Goodbye. Today Amundsen saw the last of the supplies they wanted to take back loaded onto the Fram, they closed the door of the hut and set sail. Thirty nine dogs had survived and these were taken home. Huntford says that some of the dogs went to join the next Antarctic expedition by Douglas Mawson. Amundsen’s main aim was to get to the pole and while this was achieved it was not the only contribution he made to the Antarctic. Amundsen is often seen as single-minded in his attempt, but his men also explored the area of the Antarctic around their camp and specifically Kind Edward VII land. As Amundsen is leaving Teddy Evans, Lashly and Crean come across their next depot and are concerned to find that the cans are short of oil. They cannot explain why but take enough for their needs while still leaving sufficient for Scott and his men. Lashly and Evans have now been on the ice for over 100 days as they set off with the tractors some days before Scott left Cape Evans back in November.
Scott’s journal 30th January 1912. Good progress in terms of distance as they march 19 miles today. The temperature has dropped and was -25 when they stopped for lunch. The track ahead is clear, the weather fine and they should reach the next depot tomorrow. The health of the men continues to suffer. Scott reports that Wilson has strained a tendon in his leg and two fingernails have fallen of Evans hand. Wilson is still ‘full of pluck’ but Scott is further concerned that not only is Evans deteriorating physically but that ‘he shows sign of losing heart’. Scott states he is surprised at this change from Evans and that ‘he hasn’t been cheerful since the accident’. Scott concludes his entry with an assessment that they, ‘can get along with bad fingers bit it will be a mighty serious thing if Wilson’s leg doesn’t improve’.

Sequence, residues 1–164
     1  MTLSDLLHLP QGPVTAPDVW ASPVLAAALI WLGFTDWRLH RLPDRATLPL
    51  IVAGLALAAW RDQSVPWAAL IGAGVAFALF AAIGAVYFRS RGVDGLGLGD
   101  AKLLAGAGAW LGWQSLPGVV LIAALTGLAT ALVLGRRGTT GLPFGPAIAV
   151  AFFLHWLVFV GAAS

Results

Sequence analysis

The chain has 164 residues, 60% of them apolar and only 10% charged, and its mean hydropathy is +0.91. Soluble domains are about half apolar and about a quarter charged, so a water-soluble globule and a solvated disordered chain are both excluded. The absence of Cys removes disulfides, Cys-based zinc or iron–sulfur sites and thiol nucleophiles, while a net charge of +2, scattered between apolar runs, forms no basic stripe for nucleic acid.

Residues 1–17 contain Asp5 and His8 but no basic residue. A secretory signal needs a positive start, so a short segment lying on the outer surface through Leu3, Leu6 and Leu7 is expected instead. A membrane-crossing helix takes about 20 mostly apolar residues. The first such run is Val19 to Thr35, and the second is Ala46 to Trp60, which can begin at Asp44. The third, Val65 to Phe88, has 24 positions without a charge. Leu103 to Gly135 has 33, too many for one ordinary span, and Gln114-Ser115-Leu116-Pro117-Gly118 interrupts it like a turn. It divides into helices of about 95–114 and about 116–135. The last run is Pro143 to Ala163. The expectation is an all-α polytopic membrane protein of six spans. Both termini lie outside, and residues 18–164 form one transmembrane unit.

Commentary. In Scott’s original notes he stated that he was disappointed in Evans when he records that he seemed to be losing heart, another omitted piece in the published work. The low amount of oil will become another of the talking points of the expedition. Some cans seem full while others clearly are not, and yet the seal is unbroken. The investigation afterwards seems to lay the blame on the seal allowing the fuel to evaporate out. At some depots members of the team say they can smell oil on the other supplies as they dig out. It seems the cans buried deeper and staying cold stayed in good shape. It was those at the top of the depot, near the heat of the sun that appear to have allowed fuel to evaporate. Nobody in the team was aware of this phenomenon. Sometimes all the planning, knowledge and evidence in the world cannot protect against the consequences of the new phenomenon. Contingency is there for such unknowns but even ‘margins for error’ have a limit. The question to ask is, had this happened before ? There had been trips to the polar regions before and fuel had been previously stored in depots, what was different this time ? It can often be the small changes, those that may not even register that have the largest unintended consequence. When a system is functioning well you can often forget why so many checks, balances and processes have been put in place. The individual and organisational memory forget the rationale and the original problem. Then comes the temptation to change, to reduce, make more efficient and cheaper, all worthy aims but the leader needs to be mindful of the unintended consequence. Nothing occurs without its happening having an effect somewhere in the system, solving one problem may simply create new challenges. It is also the duty of the leader to take the time to understand the activity and function of the team and system. They may not be an expert in each element of the whole process or plan but their role is to ask good questions of the expertise available to them.